A long road

It’s been a lesson in patience for AEW fans. Two years ago, the company announced its gaming division and teased the development of three games. Two of those would be mobile while the third was the much more anticipated console game. Khan also turned heads by partnering with game studio Yuke’s, the developers behind many of WWE’s widely successful WWE 2k games. However, Yuke’s ended its relationship with WWE after the release of WWE 2k19.

Hiring the former developers of the 2k gaming series immediately raised eyebrows. Khan also hired Hideyuki “Geta” Iwashita, the mastermind behind some of WWE’s most successful games, including the beloved classic THQ’s WWF No Mercy, which was released on Nintendo’s N64 console in 2000. The allure of a new competitor in the professional wrestling video game market overjoyed AEW fans and those ready for a change from WWE’s 2K series. Adding Iwashita’s name to the mix only heightened the feel that AEW was taking a classic approach to its shot at the lucrative gaming market.

At the time, Khan said,

“It’s amazing to think that less than two years ago, we sent shockwaves through the professional  wrestling industry with the launch of AEW, and now we are rolling out our new revolutionary games. We make a point to listen to our fans, and we  know that a rejuvenated and immersive gaming experience is critical to the overall wrestling  experience. It’s going to be cool to see our fans enjoying a next-gen console wrestling game that  actually implements their feedback. This is just the beginning of a new era of gaming for  wrestling fans around the world.” 

As quickly as the excitement came, fans were left uncertain about the game’s future. Although the company had released screenshots and early roster footage, 2021 saw few updates from AEW Games. In May, word spread that AEW and Yuke’s were not seeing eye to eye on Fight Forever. Delays were announced, and unconfirmed reports indicated the game was far over the initial budget. 

Omega, one of AEW’s premiere talents as well as executive vice president, who was overseeing the game’s development from the United States, reportedly butted heads with Yuke’s. That helped explain why fans weren’t seeing many updates. Apparently, things are finally on track for the winter 2022 release window.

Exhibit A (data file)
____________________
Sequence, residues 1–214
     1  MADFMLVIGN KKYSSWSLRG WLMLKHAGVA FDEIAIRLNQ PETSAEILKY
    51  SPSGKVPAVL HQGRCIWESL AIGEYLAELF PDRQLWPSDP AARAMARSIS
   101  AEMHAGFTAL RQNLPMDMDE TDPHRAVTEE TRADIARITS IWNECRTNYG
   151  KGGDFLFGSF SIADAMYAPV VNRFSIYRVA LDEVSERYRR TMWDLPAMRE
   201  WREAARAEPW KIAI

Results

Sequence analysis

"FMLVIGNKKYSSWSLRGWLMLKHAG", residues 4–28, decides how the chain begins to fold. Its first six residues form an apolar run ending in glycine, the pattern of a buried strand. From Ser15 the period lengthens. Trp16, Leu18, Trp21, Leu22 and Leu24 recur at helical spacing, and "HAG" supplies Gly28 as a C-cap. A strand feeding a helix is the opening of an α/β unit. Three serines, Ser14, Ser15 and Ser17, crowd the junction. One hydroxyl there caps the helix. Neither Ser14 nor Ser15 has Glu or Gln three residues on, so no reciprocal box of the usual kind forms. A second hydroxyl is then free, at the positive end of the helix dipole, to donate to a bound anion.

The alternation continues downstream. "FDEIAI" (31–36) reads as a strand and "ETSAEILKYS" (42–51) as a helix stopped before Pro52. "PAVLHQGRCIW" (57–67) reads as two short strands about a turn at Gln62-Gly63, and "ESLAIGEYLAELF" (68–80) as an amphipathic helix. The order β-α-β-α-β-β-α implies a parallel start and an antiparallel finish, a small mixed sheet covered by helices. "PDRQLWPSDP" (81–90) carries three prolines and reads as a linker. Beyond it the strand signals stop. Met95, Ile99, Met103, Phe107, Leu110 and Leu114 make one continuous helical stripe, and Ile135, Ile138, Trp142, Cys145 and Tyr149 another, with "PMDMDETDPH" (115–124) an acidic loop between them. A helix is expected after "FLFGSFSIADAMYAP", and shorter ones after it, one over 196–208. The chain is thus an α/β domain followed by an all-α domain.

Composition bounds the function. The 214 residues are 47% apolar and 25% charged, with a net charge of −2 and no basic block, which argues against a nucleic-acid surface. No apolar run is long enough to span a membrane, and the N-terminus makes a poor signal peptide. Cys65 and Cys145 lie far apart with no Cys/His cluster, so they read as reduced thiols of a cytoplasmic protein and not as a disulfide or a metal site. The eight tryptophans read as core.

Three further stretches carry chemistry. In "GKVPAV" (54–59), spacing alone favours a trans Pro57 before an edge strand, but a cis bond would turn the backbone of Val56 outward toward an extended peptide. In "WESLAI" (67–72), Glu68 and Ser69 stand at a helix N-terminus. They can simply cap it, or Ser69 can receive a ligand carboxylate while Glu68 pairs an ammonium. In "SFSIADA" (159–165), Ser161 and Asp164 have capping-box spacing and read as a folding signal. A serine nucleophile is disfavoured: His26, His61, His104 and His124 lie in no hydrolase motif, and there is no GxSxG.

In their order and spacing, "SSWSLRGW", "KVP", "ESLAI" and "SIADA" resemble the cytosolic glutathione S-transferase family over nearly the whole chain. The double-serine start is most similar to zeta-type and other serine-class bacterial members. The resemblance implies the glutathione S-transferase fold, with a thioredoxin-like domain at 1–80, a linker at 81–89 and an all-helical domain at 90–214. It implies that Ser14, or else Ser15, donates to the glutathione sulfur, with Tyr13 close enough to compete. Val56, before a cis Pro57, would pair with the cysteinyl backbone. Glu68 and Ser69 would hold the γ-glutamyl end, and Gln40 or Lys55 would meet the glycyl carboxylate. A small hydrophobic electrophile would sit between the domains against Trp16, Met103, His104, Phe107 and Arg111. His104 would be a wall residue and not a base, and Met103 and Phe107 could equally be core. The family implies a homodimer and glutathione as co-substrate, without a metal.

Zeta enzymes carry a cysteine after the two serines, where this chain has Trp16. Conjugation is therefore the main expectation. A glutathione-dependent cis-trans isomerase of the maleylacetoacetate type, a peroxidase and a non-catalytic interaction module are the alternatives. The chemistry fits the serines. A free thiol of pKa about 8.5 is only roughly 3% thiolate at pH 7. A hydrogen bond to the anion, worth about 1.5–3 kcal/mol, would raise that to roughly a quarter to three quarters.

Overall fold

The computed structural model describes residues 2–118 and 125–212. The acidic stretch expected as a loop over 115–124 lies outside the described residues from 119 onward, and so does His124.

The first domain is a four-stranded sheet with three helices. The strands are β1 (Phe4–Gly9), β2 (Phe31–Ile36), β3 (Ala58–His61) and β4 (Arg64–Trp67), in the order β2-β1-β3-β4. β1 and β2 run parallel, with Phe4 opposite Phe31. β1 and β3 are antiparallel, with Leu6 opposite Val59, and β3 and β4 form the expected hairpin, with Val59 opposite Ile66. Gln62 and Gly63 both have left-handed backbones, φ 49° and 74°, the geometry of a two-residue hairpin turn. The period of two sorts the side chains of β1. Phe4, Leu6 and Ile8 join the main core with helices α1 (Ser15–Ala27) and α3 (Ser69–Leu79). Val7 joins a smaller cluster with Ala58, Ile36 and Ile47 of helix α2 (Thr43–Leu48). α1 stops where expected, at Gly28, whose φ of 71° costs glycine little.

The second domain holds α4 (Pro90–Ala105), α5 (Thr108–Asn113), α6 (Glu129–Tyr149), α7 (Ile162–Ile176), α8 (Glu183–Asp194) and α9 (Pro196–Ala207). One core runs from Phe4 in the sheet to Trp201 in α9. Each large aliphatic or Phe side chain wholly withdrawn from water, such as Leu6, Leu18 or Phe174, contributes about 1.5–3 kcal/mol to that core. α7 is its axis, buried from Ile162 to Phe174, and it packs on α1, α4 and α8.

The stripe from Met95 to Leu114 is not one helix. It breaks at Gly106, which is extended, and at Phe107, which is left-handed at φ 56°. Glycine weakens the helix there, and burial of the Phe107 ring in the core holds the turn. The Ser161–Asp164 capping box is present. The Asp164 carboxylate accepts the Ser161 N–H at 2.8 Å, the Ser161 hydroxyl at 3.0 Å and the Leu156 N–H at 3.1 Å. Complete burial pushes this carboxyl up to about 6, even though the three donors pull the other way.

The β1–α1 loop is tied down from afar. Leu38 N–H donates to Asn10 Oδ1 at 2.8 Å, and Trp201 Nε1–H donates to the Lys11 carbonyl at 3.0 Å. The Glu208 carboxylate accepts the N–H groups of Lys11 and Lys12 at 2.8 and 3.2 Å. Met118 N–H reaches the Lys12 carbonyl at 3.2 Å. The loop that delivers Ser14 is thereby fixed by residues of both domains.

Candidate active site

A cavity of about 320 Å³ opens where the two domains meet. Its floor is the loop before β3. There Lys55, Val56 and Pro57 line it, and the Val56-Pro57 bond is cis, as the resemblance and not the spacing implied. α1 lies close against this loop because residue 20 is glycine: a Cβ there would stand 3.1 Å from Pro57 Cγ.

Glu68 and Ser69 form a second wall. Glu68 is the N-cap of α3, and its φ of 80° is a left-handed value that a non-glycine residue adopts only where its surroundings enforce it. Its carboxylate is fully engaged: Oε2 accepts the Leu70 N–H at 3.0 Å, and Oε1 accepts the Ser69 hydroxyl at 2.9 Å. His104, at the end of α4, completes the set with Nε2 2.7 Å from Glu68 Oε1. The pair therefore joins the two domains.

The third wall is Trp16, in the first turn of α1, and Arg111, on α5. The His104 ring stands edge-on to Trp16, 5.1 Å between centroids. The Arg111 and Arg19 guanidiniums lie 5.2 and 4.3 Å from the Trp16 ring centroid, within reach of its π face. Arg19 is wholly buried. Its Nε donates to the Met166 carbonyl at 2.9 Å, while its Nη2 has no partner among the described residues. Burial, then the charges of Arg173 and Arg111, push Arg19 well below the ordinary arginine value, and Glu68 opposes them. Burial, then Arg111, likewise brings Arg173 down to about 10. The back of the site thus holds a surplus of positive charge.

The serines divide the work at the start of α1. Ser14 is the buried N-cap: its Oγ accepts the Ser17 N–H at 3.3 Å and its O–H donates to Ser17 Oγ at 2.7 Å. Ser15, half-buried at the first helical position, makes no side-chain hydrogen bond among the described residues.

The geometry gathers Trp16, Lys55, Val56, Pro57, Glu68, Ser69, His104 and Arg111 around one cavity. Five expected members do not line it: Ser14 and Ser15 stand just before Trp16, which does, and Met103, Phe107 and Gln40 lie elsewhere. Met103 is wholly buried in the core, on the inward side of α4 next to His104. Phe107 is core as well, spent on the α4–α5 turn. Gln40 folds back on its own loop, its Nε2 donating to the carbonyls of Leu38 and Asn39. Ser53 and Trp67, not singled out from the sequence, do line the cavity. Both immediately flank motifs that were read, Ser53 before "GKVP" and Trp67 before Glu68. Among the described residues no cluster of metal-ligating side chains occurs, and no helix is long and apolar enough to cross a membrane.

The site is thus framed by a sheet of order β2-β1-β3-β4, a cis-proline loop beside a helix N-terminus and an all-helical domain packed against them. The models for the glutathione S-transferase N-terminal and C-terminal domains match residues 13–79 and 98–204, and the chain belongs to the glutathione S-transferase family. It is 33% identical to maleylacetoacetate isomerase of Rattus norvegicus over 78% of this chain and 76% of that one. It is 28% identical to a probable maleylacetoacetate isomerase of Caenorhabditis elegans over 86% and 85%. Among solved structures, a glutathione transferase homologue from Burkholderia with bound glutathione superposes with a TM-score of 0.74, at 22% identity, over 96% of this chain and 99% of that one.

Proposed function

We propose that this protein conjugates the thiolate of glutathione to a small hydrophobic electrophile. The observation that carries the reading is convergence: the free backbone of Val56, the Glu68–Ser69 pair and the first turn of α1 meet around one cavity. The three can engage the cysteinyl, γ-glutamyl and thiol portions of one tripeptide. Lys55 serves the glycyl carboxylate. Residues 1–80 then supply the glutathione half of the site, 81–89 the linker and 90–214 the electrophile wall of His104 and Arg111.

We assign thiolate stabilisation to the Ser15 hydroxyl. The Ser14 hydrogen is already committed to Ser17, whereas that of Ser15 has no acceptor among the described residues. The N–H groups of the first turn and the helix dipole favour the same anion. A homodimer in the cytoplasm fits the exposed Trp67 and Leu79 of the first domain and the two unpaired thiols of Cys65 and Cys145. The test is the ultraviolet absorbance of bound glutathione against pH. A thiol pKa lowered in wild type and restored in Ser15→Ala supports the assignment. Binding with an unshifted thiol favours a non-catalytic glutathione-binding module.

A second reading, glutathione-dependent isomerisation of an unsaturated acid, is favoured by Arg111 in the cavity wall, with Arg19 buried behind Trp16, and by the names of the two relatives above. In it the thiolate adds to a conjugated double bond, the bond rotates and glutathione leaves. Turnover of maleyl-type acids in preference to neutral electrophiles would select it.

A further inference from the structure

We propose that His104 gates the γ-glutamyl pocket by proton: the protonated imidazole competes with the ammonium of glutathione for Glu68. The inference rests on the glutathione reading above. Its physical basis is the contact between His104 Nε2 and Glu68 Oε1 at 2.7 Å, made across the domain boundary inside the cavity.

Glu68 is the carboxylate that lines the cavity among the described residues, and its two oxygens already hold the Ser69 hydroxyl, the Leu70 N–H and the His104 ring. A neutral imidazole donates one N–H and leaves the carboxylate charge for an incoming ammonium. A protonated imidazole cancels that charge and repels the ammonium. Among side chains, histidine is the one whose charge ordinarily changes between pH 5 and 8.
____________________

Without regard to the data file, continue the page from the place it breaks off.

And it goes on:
In June, Omega offered a positive outlook. He told Fightful,

“It’s now in a process of being tuned and finely tuned from there. Still, a lot of stuff to implement, but our guys at Yuke’s are working at a blistering pace. It’s incredible the amount they are doing within a 24-hour period. It just seemed like, out of nowhere, a light switch went off and they went into hyper mode. They’re working real fast. Some of the stuff we were worried might be on the cutting room floor is now getting implemented.”

The future of AEW gaming

AEW has plenty riding on Fight Forever. Between mobile and console games, there is much more pressure to succeed on consoles. Large video game releases can rival Hollywood blockbusters in terms of hype and sales. Of course, those games come with huge budgets and even bigger expectations. It is not uncommon for games to get the red carpet treatment upon its release only to be plagued by missteps and problems. Entire development studios can fold if a multi-million dollar game falls flat.

That being said, AEW needs to come out of the gate swinging. If Fight Forever is a flop, with its lofty price tag, it could be enough to derail AEW Games’ other efforts. Here’s hoping Fight Forever will live up to the hype.

About the author

Matt Tuck

Matt Tuck is the author of the novel Lost Bones of the Dead. He is a professional writer, avid comic collector, former teacher, and the Blogger Supreme. You can follow him on his Facebook page, The Comic Blog, or on Instagram at matt.tuck.writer.